Just as with your personal health, your firm's compensation system requires a periodic check up. On the surface, your system may be working well. However, a deeper look may reveal that it is not as effective as it might be and even detrimental to the financial health of your firm.
The following are some common compensation systems with indicators that can tell you when they are working and when they may be failing you.
Equal Partnership. Under this system, most popular with smaller firms, all partners split profits evenly. Typically, this system works best when the partners have similar levels of experience and have worked together effectively for some time. This system presupposes that all partners are contributing equally to the firm's performance, whether through billable or nonbillable activities. A frank and open discussion about assigning individual responsibilities is key to making equal partnership work.
The overall performance and profitability of the firm are the motivating factors here rather than the achievements of individual partners. Everyone shares in the success of the firm and any pain is equally distributed during leaner times. The wheels can begin to come off as a firm evolves and leaders, stars, and rainmakers emerge. At that point, equality becomes a sticking point and a glaring need emerges for a more flexible compensation system.
Lockstep. This model, popular with well-established firms, offers a clear path to financial growth based on seniority. Attorneys who joined the partnership in the same year are compensated equally. The system then rewards them as they rise up the ladder in a very measured and understood fashion. Lockstep is a much venerated system with a long history. It is regarded as one that promotes teamwork and a very collegial work atmosphere.
Clearly, partners who stay with the firm benefit from their long-term service and the promise of long-term security. Firms with this system enjoy a great deal of stability. Lockstep is most effective when the firm is riding high with success.
In a downturn, the top performers might be more prone to seek greener pastures and possibly take clients with them. The lockstep system, while fostering security, can also encourage complacency among seasoned partners. Younger professionals, who have grown up in a more volatile job market, might not see the allure of a lockstep system.
Modified (The Hale & Dorr model). The firm Hale & Dorr is credited with devising the first incentive-based law firm compensation system more than 70 years ago - establishing defined categories in which a partner earned income. There are many variations on this system but, at root, all are designed to encourage and reward individual achievement.
Ideally, all partners are equally motivated and, as a group, they will drive the success of the overall firm. For the more aggressive partners, the attraction is that they are in control of their financial futures and can expect the rewards of consistent effort. This system also allows for flexibility. A partner in childbearing years may prefer to have extra family time. While that partner will have to deal with the personal economic consequences, it will not impact the partners. Aside from the higher billing rates of a senior partner, seniority within the firm counts for less under this system. Essentially, whoever delivers is rewarded.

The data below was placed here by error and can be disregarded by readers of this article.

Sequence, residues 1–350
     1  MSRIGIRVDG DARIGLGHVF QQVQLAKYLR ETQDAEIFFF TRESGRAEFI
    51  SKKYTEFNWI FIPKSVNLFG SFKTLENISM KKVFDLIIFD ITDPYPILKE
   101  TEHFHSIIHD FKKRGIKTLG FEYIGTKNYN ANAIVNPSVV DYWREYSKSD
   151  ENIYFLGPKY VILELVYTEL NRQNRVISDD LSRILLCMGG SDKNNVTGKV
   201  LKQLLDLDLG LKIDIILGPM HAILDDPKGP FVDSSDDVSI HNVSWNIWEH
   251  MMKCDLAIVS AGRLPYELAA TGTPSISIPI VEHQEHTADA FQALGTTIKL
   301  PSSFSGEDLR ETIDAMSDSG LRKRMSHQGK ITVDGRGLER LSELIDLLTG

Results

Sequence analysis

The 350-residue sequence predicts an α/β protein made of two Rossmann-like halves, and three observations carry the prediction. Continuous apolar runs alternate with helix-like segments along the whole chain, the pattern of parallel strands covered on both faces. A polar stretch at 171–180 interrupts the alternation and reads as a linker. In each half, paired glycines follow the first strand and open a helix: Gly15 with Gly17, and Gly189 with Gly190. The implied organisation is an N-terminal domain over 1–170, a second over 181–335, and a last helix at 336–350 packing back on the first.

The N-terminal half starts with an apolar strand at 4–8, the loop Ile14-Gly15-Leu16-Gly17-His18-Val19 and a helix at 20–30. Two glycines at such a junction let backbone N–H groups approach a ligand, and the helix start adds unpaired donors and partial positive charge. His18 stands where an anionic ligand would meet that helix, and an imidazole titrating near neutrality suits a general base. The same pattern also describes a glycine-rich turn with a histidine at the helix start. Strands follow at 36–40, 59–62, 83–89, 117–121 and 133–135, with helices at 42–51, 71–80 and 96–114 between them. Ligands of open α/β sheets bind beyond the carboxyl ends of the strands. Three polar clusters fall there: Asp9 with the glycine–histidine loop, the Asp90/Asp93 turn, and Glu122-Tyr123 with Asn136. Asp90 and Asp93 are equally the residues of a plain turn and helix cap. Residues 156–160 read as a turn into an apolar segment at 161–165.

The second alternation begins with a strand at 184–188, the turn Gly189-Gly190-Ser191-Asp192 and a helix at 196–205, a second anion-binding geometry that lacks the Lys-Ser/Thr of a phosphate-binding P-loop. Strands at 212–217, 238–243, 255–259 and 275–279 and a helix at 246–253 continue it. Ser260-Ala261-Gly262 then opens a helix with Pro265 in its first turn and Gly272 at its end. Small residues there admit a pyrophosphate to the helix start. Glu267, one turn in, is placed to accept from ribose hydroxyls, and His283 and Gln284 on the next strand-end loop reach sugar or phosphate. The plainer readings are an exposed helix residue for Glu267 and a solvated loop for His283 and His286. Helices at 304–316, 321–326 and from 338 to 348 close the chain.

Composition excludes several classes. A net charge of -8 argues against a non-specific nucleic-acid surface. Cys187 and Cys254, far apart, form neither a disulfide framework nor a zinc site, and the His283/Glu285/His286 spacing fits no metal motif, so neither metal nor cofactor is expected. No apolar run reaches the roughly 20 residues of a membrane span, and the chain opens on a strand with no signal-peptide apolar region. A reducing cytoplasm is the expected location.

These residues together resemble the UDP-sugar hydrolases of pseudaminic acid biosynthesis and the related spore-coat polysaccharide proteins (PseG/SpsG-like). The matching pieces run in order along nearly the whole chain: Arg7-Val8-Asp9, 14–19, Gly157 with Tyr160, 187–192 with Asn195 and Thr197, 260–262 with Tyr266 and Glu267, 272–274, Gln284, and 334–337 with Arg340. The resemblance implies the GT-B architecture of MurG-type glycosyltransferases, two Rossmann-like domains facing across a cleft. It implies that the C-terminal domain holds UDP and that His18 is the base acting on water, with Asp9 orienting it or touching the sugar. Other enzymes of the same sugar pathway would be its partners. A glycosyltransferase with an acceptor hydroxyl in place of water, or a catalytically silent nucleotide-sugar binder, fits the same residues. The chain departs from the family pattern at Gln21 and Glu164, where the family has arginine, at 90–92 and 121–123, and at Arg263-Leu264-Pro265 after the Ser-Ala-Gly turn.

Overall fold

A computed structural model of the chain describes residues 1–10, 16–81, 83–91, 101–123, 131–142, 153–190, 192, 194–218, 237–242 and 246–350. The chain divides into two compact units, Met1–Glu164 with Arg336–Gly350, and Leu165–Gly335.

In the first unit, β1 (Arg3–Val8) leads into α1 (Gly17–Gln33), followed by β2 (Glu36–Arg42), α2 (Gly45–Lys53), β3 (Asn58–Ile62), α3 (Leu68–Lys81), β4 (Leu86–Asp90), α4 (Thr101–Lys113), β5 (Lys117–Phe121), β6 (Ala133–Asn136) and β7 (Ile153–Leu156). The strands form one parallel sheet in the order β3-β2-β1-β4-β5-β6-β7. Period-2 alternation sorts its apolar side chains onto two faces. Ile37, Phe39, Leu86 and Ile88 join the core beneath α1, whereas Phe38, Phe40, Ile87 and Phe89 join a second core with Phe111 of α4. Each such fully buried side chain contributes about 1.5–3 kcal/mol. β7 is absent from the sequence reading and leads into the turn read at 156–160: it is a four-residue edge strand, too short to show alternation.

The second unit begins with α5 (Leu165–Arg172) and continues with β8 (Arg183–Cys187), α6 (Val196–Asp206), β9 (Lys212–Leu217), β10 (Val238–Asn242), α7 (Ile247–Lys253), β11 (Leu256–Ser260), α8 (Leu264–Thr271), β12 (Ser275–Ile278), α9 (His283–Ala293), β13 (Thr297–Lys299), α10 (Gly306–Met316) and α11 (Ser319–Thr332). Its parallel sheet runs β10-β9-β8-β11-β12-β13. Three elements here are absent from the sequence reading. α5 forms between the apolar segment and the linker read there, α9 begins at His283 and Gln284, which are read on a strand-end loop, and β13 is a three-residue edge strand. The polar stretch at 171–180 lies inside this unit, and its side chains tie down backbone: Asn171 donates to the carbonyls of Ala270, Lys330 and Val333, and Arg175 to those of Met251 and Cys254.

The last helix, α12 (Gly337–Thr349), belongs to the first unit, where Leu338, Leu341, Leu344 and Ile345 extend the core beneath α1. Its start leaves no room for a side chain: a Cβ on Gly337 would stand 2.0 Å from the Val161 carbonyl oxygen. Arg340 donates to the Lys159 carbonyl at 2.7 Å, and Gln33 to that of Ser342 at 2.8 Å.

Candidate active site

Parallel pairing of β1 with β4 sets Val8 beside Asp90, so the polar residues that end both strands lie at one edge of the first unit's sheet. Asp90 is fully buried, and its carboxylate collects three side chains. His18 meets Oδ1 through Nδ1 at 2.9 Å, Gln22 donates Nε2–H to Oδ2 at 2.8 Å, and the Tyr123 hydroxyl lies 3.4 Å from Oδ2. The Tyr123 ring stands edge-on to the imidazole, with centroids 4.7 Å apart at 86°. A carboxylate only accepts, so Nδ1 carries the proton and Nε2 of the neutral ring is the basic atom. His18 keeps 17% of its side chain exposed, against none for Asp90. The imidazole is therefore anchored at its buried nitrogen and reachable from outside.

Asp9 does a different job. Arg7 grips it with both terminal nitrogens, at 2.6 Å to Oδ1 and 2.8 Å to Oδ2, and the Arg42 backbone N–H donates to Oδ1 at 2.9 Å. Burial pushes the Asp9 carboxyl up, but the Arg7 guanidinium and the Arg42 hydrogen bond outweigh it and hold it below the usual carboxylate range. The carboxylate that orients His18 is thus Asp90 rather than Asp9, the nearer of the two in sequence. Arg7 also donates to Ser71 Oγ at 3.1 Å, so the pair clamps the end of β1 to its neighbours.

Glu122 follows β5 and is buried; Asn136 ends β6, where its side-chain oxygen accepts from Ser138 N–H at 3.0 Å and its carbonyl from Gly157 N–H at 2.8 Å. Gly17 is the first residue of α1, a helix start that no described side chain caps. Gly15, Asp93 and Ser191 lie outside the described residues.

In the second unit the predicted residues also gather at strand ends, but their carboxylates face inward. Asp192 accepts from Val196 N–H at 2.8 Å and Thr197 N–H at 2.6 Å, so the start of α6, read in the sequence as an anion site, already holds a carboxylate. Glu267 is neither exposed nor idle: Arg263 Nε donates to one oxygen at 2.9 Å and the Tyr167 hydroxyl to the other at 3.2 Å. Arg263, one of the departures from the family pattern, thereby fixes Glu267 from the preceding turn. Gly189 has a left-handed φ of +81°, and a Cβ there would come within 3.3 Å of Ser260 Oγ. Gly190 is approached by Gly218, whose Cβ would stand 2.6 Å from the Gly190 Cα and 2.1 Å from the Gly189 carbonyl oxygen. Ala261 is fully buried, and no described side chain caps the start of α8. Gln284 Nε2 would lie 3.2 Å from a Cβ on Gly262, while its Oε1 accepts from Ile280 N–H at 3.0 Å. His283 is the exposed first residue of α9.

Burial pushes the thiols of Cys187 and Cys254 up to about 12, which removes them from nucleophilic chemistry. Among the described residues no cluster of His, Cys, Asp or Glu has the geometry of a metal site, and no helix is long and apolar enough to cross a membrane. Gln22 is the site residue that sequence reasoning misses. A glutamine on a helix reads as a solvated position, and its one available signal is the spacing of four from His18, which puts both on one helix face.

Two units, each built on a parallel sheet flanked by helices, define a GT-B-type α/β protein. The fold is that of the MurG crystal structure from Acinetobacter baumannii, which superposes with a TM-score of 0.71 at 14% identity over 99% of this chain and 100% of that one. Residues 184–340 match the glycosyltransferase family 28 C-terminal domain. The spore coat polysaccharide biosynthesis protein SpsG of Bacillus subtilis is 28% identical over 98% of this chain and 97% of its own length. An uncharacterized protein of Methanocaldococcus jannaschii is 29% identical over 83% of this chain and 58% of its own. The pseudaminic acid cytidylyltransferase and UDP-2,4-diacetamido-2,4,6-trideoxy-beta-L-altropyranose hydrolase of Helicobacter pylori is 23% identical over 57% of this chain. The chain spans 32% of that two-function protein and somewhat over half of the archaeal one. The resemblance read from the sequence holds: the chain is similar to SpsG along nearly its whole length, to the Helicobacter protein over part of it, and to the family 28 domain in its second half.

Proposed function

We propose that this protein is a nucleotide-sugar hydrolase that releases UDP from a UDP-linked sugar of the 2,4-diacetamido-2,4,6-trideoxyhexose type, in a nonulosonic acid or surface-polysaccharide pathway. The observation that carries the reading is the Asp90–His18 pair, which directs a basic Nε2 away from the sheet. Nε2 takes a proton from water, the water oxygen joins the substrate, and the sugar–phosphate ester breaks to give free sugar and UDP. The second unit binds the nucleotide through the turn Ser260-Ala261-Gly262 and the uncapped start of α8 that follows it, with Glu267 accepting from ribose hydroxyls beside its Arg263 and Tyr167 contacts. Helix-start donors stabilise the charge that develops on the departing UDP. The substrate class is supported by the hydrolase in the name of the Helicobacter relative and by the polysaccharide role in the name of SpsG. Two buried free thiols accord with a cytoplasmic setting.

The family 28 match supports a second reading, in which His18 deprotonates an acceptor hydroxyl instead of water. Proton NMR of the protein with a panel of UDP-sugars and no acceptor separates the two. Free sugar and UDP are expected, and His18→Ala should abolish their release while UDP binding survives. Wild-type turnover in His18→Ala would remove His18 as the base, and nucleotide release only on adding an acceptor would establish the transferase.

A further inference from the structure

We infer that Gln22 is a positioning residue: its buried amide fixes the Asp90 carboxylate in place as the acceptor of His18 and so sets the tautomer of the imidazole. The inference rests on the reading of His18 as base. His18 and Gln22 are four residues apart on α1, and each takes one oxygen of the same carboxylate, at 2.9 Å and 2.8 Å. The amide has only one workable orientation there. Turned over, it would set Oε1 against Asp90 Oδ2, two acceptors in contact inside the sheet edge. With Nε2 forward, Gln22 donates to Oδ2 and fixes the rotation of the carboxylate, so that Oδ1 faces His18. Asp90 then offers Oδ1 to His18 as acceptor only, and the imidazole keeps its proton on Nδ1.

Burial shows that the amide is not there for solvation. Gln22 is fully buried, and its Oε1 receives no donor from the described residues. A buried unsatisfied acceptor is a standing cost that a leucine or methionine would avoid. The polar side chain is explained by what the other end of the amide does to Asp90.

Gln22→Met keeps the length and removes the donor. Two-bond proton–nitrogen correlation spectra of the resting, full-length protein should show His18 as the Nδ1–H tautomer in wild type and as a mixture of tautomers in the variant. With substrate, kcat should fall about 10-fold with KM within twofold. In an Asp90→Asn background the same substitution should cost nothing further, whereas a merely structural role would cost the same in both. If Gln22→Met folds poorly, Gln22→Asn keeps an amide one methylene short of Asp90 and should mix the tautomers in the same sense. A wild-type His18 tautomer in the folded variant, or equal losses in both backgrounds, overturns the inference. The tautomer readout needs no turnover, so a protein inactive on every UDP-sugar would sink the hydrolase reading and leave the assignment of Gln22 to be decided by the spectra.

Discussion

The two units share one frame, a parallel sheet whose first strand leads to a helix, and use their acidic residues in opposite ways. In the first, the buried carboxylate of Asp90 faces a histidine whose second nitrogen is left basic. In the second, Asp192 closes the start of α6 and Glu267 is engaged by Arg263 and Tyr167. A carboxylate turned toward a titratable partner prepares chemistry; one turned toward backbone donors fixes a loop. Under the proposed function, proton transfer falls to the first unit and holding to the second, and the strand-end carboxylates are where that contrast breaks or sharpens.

The modified system, however, does not address or reward nonbillable time for such significant areas as recruiting, mentoring, professional committee activity, speeches, and management meetings. It is difficult for most firms to evenly divide these important nonbillable responsibilities among the partners. With no clear rewards for nonbillable work, the natural response is to shirk it as much as possible and concentrate on billable success. Not only does this put a dent in any team spirit, it inhibits the growth of the firm and the younger professionals, lets serious operation issues slide due to lack of attention, and builds resentment from partners who are shouldering more nonbillable work than some colleagues.
Simple Unit. Perhaps the most sporting approach to compensation, the simple unit system literally awards points for landing clients, lead generation, seniority, and nonbillable work. among other areas. The point system is weighted according to the individual firm culture and priorities. It can be revised based on needs and changing economic conditions. The individual partner's points are tallied, converted to percentages, and applied to the firm's net firm profit to produce individual income.
Simple unit definitely rewards production but, unlike Hale and Dorr, longevity with the firm and nonbillable work are also recognized. Part of the attraction is that it is a system that is very easy to understand. You rack up points based on a very objective formula and the rewards follow. This system also reduces any resentment towards those who are underperforming; they will simply receive less income.
Unfortunately, points awarded for seniority may not sit well with younger partners. Also, laterals with some experience may bridle at a system that starts them off with no points, if some of their new colleagues with less experience qualify for points. The simple unit system feeds into a very human tendency to hoard - in this case both clients and files. The motivation to score those points can cause partners not to delegate work. Even worse, the competitive spirit may turn inward, creating unnecessary animosity.